UT-Arlington Fined for Misreporting Crime Data
SMU has come under fire in recent months for its "non-adversarial" process for handling on-campus sexual assaults, but it's the actions of another local university that have earned censure from the federal government.
The U.S. Department of Education just levied an $82,500 fine against the University of Texas of Arlington for violating the Clery Act, which requires colleges and universities that participate in federal student aid program to accurately report crime information. A review of UTA's crime logs from 2008 revealed the school didn't do that in more than two dozen cases.
The Chronicle of Higher Education has the report.
The bulk of the cases involved drug, weapons, and liquor violations that were classified as "disciplinary actions" and excluded from crime statistics. The school was fined $27,500 for that.
More serious were two cases, one in which the university was found to have labeled a "forcible sex offense" as a simple assault, the other in which an aggravated assault was classified as a family violence assault. UTA got a $27,500 for each of those cases.
In a letter informing outgoing UTA President James Spaniolo of the fines, the DOE provides some more detail. The sexual offense occurred when an unknown man grabbed a student's thigh and groped her "female intimate area" through her clothing.
"Based on this fact, this incident should have been classified as a case of Forcible Fondling," the letter says, going on to define the offense as "the touching of the private body parts of another person for the purpose of sexual gratification, forcibly and/or against the person's will."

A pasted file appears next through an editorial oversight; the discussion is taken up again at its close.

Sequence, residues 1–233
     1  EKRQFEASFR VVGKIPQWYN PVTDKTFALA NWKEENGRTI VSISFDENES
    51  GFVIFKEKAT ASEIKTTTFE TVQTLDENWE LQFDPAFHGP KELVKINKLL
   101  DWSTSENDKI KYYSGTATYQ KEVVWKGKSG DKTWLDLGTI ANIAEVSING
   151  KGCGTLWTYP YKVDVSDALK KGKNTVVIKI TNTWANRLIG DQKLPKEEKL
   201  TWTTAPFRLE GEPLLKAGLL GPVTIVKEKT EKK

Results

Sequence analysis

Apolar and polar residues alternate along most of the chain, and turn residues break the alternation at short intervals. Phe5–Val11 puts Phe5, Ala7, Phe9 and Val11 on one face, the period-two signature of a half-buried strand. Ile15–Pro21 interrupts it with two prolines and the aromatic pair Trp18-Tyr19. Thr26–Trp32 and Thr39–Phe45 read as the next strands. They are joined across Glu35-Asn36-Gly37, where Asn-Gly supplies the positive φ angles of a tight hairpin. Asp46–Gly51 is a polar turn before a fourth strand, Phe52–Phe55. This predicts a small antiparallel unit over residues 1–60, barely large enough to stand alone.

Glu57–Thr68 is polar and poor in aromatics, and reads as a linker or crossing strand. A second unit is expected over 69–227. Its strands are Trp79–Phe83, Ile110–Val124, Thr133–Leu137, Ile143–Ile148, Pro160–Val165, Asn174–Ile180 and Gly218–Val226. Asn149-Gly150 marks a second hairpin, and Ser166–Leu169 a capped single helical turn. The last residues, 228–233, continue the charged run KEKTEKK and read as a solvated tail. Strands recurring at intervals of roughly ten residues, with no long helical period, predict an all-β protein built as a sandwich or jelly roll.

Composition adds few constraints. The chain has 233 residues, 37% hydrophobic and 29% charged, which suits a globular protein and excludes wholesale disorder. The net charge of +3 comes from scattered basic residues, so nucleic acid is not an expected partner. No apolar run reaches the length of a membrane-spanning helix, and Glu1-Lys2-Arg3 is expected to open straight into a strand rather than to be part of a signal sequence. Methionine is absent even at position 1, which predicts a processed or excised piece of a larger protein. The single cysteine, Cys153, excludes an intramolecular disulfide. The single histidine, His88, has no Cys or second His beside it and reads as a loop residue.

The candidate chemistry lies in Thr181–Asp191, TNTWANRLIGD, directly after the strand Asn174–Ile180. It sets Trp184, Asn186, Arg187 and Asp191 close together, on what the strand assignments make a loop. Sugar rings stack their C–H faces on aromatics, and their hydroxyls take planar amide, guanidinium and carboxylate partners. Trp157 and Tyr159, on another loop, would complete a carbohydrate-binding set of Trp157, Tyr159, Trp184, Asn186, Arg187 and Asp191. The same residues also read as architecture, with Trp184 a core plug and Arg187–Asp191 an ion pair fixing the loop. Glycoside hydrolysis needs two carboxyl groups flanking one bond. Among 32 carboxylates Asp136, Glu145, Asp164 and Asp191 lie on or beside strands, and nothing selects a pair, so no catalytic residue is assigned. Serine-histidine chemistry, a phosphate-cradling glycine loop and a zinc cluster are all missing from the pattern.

The aggravated assault offense during a fight between two roommates. One, after making a death threat, hit her in the head and stomach, then held her over an unlit stove burner by her hair and threatened to turn it on. A large section of the woman's hair was ripped out, as were both her earrings.
"Statistical data ... must be accurate and reliable," the DOE's wrote to Spaniolo. "These failures have endangered UTA's students and employees who must be able to rely on the disclosures ... to take precautions for their safety."
The Chronicle reports that UTA is appealing the fine, which is one of only about a dozen that have been handed down in the 23 years since the Clery Act was passed. A school spokeswoman told the publication that the school has revised its 2008 crime statistics and is using new computers software to help properly classify incidents.